Classroom Pets (part one)

I spent quite a few years resisting the idea of classroom pets.  I mean, let’s face it, I have three kids, one husband and two dogs at home.  I don’t need something else to take care of!  Over time, my colleagues have had classroom pets – fish, turtles, lizards and, infamously, snakes (there’s a whole blog post in itself).  And, even though they’re teenagers, there’s a constant clamor from the students:  “Miss, why don’t you get a (insert “simple” critter here)?”

I need low-maintenance.  I can barely keep plants alive.  I would feel guilty if I allowed a poor defenseless critter to die just because it had the misfortune to be in my classroom.

A couple of years ago, I hit upon the perfect low-maintenance classroom pet.  I went to a workshop for AP Environmental Science.  The leader had us do a lab using pillbugs to demonstrate animal behavior.  The leader had flown in from another state, and had no interest in packing up the pillbugs for his return trip, so he offered them to the participants.  Surprisingly (NOT), no one else wanted the pillbugs, so I took them and set up a habitat.  I’ll post another time about my pillbugs.

A couple of weeks ago, some students brought one of my colleagues a moth the students had found.  In a turn of events I still don’t understand, I ended up with this moth.  I didn’t even know what kind of moth it was.  It set in a jar in my classroom all day.  Honestly, my original intention was to get through the day, then release the moth outside my back door as soon as all the students left.  I soon felt guilty, though, that my colleague had entrusted this moth to me.  The least I could do was find out what kind of moth it was and make sure it could survive in the wild.  And make sure it wasn’t an invasive species – as much as I harp on my students about not releasing invasive species into the wild, I’d hate to be a hypocrite on the matter, even unintentionally.


This is my moth friend.  I spent a few minutes on Google Images and quickly determined that this moth is a female Automeris io lilith, a species common in the southeastern US.  Cool!  But what do I have to feed it?  A little more research showed that the adult moths don’t eat – their function is basically to reproduce.  I had no idea whether this moth had mated before she was captured, but I decided to set up a habitat anyway.  The packrat from whom I inherited my classroom left a screened cage (oops, forgot to take a picture of that), so I added some paper towels, some branches from a tree outside my classroom, and some leaves.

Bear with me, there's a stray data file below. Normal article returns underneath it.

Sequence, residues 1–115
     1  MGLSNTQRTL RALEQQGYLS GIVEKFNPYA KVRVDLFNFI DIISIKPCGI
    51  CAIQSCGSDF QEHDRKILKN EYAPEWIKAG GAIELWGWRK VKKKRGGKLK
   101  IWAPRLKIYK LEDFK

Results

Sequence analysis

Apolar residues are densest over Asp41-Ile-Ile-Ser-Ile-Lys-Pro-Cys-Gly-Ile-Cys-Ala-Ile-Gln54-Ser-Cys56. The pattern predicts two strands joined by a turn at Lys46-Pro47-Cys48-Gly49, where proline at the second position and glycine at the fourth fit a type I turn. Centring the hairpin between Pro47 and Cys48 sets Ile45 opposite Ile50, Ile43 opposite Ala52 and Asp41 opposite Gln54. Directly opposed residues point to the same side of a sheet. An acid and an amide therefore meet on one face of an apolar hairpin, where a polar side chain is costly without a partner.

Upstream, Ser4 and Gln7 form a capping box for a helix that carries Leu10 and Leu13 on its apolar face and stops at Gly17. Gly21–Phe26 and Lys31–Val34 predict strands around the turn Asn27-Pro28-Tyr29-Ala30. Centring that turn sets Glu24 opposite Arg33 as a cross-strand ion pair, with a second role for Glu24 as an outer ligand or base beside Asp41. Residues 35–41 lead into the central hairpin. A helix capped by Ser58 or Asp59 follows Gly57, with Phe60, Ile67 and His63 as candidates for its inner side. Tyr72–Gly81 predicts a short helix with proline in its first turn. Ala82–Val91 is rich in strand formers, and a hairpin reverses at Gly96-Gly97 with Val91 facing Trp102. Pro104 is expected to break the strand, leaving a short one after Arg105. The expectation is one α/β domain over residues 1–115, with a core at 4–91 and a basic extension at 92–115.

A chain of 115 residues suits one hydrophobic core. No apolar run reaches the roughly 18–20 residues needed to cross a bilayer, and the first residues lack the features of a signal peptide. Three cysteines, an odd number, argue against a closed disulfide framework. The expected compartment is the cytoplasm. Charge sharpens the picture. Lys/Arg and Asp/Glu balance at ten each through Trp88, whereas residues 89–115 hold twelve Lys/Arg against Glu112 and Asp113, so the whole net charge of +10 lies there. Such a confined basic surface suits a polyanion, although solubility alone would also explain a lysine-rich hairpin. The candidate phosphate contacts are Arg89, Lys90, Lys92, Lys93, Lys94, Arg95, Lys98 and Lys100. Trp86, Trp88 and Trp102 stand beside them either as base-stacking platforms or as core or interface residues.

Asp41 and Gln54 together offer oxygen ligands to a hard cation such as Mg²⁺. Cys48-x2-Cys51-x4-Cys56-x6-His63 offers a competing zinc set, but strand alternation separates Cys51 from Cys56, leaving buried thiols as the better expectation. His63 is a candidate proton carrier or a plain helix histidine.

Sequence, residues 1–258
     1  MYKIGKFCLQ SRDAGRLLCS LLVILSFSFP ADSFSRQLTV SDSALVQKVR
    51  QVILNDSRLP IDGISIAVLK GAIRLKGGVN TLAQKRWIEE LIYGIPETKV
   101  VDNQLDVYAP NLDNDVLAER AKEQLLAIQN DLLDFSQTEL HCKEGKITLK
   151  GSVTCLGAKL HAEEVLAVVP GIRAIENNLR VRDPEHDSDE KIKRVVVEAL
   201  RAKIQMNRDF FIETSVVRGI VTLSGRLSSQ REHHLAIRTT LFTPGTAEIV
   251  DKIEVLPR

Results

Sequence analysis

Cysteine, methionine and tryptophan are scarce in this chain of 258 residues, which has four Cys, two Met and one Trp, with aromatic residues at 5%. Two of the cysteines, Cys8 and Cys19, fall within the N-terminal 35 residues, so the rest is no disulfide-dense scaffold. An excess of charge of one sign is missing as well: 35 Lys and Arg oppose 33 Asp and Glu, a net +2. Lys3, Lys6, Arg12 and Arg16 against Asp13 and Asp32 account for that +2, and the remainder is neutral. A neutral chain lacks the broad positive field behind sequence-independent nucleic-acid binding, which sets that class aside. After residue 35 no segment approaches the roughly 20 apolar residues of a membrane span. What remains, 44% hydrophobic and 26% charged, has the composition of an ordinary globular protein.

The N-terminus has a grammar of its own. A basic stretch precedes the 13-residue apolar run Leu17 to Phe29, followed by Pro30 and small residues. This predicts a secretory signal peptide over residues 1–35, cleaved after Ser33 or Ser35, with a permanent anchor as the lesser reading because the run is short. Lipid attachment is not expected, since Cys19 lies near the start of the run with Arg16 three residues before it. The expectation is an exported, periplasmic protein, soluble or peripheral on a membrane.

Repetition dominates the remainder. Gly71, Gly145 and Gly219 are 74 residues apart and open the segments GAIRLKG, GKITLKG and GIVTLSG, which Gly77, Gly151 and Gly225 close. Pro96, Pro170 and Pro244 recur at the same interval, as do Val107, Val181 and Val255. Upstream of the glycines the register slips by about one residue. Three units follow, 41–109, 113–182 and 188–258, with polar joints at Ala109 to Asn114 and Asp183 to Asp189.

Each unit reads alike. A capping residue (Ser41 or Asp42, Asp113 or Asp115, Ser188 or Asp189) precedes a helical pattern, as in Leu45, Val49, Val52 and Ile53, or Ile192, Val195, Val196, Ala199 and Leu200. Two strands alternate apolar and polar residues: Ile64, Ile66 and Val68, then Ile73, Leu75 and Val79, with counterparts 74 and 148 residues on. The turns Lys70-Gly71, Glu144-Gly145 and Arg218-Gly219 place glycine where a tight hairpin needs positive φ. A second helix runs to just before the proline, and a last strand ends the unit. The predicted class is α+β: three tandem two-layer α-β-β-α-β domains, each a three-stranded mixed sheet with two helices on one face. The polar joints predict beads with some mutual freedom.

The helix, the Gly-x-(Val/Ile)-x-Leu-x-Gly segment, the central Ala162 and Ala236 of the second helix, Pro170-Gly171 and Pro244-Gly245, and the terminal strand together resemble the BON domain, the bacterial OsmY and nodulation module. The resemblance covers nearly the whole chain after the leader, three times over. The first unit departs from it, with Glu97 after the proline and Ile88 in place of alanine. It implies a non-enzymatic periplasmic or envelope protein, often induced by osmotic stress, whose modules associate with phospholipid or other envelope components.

This week I checked on my moth and saw . .  EGGS!  I am such a science nerd that this was cause for much excitement!  She has been laying eggs throughout the course of the week in little clumps.  I suspect she was laying them on the screen on the sides of the cage, but they were falling to the bottom of the cage.


I had students research how long it would take for the eggs to hatch.  If the 15-20 days estimate is correct, we might get to see some caterpillars before school lets out for the summer.  That will lead to my next dilemma – the instars for Automeris io lilith sting.  Bad idea for the classroom!  Since this species is native, I will probably find a nice area outside and release them and let nature take its course.

If you want more information about Automeris io lilith, here is where I found most of my information:

Start at the beginning . . .

I think I’ve spent more time trying to come up with something momentous, when I should just start starting.  I teach biology and AP Environmental Science at a suburban public high school.  My biology classes are a mainstreamed biology class where about 1/3 to 1/2 my students have IEPs for various learning disabilities.  I have a wonderful ESE-certified co-teacher – this is our 6th year working together, and we make a great team.

My goal with blogging is to share things I’ve learned as a teacher, opine from time to time on the modern state of teaching, and reflect on my teaching practices.